Wasp Venom Targets Breast Cancer in New Therapy
Wasp venom may deliver a painful sting, but scientists from the Institute for Biomedical Research (IRB Barcelona) have carried out successful in vitro tests using the venom to kill breast cancer tumor cells, a new study describes. The next step will be to test its effectiveness in mouse models.
Most anti-tumor compounds are accompanied by a series of side effects and may even become resistant, but the IRB Barcelona team designed a new therapy based on a peptide - the binding of several amino acids - from wasp venom for its potential use against breast cancer.
"This peptide has the ability to form pores in the cell plasma membrane, penetrate into the cell and finally, cause its death, either by necrosis or by triggering apoptosis, programmed cell death," lead author Miguel Moreno explained to Sinc.
However, this "natural weapon" could not be directly used in the therapy due to its high toxicity and lack of cell specificity - meaning, it would not only attack tumor cells but healthy cells as well. So, the researchers came up with a way to deliver the venom to the tumor without causing harm to the body's healthy cells.
The system consists of a decorated carrier polymer with two components: a peptide that is bound to a tumor cell receptor and the cytotoxic peptide of the wasp venom.
In vitro experiments show that the substance successfully reaches and kills the tumor cells while leaving healthy cells, like red blood cells, alone.
Though the experiment is in its early stages and still has to undergo testing in mice, researchers are optimistic that these findings will be put toward anti-cancer therapy in the future.
Cancer is the second leading cause of death in the United States, according to the Centers for Disease Control and Prevention - it claimed 575,000 lives in 2010.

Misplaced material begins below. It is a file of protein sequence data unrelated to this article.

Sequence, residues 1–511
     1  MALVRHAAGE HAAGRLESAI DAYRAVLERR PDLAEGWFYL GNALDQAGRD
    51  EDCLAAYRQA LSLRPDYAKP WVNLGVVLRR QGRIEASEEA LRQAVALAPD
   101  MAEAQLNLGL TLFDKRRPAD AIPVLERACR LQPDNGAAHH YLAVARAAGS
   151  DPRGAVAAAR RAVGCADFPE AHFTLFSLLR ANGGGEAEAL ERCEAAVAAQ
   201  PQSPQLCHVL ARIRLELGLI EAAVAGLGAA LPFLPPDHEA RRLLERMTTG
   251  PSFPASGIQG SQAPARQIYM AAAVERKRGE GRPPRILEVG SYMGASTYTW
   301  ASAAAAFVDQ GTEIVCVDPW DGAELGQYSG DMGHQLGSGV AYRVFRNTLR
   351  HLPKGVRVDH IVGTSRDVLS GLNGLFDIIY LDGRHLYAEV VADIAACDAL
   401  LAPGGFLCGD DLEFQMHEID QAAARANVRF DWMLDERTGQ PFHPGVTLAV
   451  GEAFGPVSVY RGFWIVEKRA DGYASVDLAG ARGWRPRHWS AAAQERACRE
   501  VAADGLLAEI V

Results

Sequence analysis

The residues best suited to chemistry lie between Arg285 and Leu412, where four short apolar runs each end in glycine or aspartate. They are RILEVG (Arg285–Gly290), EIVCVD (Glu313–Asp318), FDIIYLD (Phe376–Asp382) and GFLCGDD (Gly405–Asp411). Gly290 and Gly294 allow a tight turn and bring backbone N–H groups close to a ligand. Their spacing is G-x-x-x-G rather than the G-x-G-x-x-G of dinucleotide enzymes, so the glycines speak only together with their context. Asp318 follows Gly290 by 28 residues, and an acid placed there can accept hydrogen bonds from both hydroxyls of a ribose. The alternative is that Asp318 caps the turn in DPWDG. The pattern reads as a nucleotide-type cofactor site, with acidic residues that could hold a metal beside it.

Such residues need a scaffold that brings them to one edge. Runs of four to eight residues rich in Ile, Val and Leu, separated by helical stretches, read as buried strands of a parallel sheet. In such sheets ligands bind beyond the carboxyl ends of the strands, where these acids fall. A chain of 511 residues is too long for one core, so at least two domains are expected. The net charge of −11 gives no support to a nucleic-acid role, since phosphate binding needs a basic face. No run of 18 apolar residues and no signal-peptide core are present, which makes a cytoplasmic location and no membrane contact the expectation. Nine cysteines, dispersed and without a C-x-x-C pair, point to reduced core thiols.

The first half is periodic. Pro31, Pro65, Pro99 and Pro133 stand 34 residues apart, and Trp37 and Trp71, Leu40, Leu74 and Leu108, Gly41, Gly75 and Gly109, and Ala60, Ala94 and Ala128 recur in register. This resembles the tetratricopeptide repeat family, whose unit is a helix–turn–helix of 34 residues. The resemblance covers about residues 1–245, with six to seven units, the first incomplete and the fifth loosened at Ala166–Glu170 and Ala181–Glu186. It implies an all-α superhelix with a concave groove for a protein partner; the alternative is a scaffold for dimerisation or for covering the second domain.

And as this study shows, scientists are realizing that the future of medicine may depend on the innate powers of Mother Nature. Aside from wasps, other life forms may hold the key to better treatments for cancer, HIV, and many other diseases still baffling scientists.
"Mother Nature has been doing her chemistry over the last three billion years," David Newman, chief of the Natural Products Branch of the National Cancer Institute, told Business Insider. "She isn't making anti-tumor compounds," he explained, "but the same chemical that a sea sponge uses to fight predators might also be able to kill cancer cells or viruses."
While wasp venom may be useful in the fight against cancer, cone snail venom is now being used as a painkiller - one that's 50 times more potent than morphine - that eliminates phantom limb pain in amputees. Tunicates, marine invertebrates frequently found around coral reefs, provide anticancer and antiviral chemicals.
In addition, AZT, the first effective drug against AIDS, comes from a chemical produced in a lab, but the chemical was originally found in a Caribbean sea sponge.
According to the NOAA, almost half of the world's pharmaceuticals come from nature.